So is 2001 the year?
New York has never elected a Latino mayor. For that matter, New York has never elected a Latino anything, as far as citywide office goes. "That is going to change," says Dennis Rivera, head of 1199 Service Employees International Union. "When? I think it's going to be soon. The sheer numbers demonstrate the Latino community's power, even with the limited resources that have been put into bringing people into the process. But it's a steady climb."
The next mayoral election could bring them to the mountaintop. As Rivera suggests, the numbers are there, or getting there; Latinos make up the city's fastest-growing voting bloc. And there's a clear-cut candidate: Bronx borough president Fernando Ferrer, who ran -- for a while, at least -- in 1997, and who's gearing up for next time. What there isn't is a track record of flexing political muscle. "Freddy's got to turn a traditionally low-turnout voting segment into a high-turnout one," says NYU's Mitchell Moss.
The numbers. There are roughly 2 million Latinos in New York City. Of those, about 1.1 million are eligible to vote. Of those eligible, about 450,000 are registered Democrats. That's about 20 percent of all registered Democrats. If they turn out, they're a pretty hefty base.
The candidate has had his ups and downs. The upside is the fact that he's presided over an astonishing rebirth of his borough, and even if some credit for that rebirth belongs elsewhere -- federal dollars, Ed Koch's housing program, Rudy Giuliani's crime-fighting -- Ferrer has been there seeing to it that the money wasn't squandered and serving as the borough's relentless cheerleader. He's also led the keep-the-Yankees-here charge, offering up a smart proposal for a stadium redesign.
The downside? First, shaking the memory of his none-too-impressive 1997 attempt at running for mayor, when he dropped out in May. "The biggest thing I learned?" he says. "Trust my instincts. Everybody has a formula for winning to peddle to you. It's the recipe du jour. But if it's not compelling to you, it sure isn't going to be compelling to anyone else."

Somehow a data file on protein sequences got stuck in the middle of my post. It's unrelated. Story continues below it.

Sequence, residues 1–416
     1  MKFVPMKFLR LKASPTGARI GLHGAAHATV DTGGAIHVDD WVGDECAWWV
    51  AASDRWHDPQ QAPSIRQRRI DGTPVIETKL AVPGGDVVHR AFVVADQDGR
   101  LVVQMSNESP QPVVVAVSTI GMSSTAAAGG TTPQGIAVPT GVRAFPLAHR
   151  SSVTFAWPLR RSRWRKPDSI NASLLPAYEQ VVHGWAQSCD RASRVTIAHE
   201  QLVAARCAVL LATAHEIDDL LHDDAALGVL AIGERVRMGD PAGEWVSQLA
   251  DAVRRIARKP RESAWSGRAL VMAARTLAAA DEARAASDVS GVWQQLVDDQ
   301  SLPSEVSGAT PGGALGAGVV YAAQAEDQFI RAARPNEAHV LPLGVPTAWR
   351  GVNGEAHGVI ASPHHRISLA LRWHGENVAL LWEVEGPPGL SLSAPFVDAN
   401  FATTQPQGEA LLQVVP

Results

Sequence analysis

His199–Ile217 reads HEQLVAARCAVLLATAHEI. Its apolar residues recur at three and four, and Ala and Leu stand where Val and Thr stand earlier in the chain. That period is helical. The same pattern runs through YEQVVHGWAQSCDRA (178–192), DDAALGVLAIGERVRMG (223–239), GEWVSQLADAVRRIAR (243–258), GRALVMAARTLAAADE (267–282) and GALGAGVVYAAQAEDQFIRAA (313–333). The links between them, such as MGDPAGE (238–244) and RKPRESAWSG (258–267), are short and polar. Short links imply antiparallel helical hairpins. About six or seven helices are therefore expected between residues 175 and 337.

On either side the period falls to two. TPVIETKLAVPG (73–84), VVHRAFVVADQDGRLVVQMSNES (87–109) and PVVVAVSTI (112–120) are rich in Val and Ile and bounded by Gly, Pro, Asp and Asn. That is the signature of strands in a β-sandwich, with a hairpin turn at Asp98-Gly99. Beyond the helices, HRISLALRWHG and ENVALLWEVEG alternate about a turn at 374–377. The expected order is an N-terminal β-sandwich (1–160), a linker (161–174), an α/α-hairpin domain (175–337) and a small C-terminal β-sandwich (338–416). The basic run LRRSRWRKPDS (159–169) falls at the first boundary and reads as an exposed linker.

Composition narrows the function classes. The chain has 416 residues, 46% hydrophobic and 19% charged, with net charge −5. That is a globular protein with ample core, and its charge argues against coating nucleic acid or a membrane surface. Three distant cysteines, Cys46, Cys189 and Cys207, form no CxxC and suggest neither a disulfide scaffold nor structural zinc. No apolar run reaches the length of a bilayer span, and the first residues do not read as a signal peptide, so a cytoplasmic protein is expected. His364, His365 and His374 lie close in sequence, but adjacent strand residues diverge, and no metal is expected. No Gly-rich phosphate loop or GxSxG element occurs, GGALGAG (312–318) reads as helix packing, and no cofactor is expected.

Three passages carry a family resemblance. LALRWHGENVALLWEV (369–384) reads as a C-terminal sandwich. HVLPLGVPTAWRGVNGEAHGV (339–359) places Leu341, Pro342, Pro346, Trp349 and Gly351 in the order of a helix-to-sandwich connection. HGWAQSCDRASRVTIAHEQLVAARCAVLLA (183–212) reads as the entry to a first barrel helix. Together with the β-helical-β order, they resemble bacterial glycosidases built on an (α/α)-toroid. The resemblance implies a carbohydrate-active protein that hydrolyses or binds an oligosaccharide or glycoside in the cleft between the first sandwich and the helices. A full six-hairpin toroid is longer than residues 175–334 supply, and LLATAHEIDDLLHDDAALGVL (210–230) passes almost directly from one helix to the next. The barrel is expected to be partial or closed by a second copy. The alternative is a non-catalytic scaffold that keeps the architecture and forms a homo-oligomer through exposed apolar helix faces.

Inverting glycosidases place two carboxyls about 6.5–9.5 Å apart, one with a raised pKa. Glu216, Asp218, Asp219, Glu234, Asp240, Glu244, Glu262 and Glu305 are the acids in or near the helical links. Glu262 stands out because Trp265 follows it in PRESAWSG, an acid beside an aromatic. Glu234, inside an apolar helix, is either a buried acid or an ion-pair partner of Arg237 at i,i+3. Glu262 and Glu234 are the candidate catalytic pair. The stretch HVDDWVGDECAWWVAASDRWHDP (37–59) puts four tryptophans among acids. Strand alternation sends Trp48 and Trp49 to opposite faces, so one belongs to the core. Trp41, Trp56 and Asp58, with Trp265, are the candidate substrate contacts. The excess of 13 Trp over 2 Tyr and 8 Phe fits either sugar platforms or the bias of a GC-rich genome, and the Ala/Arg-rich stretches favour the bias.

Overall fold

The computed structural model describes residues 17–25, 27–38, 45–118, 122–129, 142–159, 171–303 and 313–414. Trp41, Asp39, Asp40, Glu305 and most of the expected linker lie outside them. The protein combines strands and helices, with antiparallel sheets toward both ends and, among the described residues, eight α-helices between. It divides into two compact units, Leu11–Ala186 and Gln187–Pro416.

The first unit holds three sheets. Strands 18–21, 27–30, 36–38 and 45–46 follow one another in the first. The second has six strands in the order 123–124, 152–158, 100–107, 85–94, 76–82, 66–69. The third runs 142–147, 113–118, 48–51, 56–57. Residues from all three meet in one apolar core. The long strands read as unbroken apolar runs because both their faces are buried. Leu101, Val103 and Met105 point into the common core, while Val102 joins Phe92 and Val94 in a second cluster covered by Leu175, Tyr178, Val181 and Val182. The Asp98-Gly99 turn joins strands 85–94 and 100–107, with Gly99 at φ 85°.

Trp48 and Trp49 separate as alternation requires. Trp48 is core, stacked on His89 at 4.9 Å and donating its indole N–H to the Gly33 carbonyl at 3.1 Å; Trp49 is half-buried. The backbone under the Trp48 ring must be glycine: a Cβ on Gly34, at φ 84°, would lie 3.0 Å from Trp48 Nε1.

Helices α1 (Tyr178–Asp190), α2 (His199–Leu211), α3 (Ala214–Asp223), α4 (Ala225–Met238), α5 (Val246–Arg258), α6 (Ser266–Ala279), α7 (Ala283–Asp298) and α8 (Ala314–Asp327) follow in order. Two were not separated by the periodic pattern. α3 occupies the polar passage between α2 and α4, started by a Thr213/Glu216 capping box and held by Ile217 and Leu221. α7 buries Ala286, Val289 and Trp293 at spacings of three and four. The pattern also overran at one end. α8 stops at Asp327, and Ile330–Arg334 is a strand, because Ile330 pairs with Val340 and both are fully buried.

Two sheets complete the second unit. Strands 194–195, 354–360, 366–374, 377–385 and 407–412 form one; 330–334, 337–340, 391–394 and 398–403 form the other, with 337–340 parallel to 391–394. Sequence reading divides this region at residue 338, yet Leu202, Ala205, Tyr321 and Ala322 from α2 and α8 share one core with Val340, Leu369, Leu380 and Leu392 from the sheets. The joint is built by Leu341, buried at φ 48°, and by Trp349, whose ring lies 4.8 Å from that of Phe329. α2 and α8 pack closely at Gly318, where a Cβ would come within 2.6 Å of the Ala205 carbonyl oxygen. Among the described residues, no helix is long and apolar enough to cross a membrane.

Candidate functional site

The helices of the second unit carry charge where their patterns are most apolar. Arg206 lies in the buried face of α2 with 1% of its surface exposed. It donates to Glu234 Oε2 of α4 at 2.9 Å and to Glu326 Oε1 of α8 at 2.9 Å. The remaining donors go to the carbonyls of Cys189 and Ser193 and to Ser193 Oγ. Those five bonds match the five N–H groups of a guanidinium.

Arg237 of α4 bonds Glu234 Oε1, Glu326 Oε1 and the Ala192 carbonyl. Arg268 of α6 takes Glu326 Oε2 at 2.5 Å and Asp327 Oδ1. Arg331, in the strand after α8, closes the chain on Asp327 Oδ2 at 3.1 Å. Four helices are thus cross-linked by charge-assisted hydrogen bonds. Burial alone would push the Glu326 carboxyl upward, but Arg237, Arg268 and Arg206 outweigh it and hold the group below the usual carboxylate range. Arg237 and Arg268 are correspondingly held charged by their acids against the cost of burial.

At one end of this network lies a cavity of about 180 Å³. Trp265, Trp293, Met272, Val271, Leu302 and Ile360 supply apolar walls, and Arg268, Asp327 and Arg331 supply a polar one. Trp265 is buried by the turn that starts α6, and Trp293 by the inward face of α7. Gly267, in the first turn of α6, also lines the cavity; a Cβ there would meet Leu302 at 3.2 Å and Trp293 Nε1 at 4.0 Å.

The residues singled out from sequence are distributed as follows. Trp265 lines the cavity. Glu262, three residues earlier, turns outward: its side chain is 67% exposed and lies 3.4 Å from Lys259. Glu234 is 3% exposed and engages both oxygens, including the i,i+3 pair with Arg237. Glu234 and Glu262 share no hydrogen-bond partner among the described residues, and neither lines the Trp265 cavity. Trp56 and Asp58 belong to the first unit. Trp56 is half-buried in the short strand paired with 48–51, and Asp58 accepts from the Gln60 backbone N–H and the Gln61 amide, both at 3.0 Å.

Perhaps because he wasn't able to sell a compelling formula, opinion is divided, among the city's heavy players, about Ferrer's seriousness and capacity for leadership. In fact, he's been struggling in a thoughtful way with what went wrong with the local Democratic Establishment in the early nineties and how to fix it. But he didn't articulate that in '97.
Of course, in 1997 there was also an incumbent named Giuliani. In 2001, the field will be open. Really open. There could be as many as eight candidates; at the very least, eliminating the semi-dark horses, there'll be five. Four of those five will be white guys -- two Jewish (Mark Green and Alan Hevesi) and two Italian (Peter Vallone and Sal Albanese). If you want to say that one Puerto Rican running against that field should at least be able to finish in the top two and force a runoff, well, sillier things have been said.
Ferrer doesn't want to be known as the Latino candidate. "Sure it's gonna be the tag," he says. "It's an easy way to dismiss. But I'm not so easy to dismiss, because for the last twelve years, I've run probably the most difficult 20 percent of this city. And I have something to show for it." He does, but simultaneously firing up his base and reaching beyond it will be a challenge.
Aside from Ferrer's shot at the mayoralty, though, Latino politics in New York is still in the construction phase. Why, for example, shouldn't there be Latino candidates for, say, two of the three citywide offices? Or all three? Part of the reason is that as a voting bloc, Latinos don't have that much power yet; but there isn't all that much young talent. "Remember, there'll be a whole new City Council after 2001," says political consultant Hank Sheinkopf. "What the council elections will do is create a generation of new Latino leadership." Even if Ferrer does move into Gracie Mansion, as big a moment for Latino New York as that will be, it will still be part of a work in progress.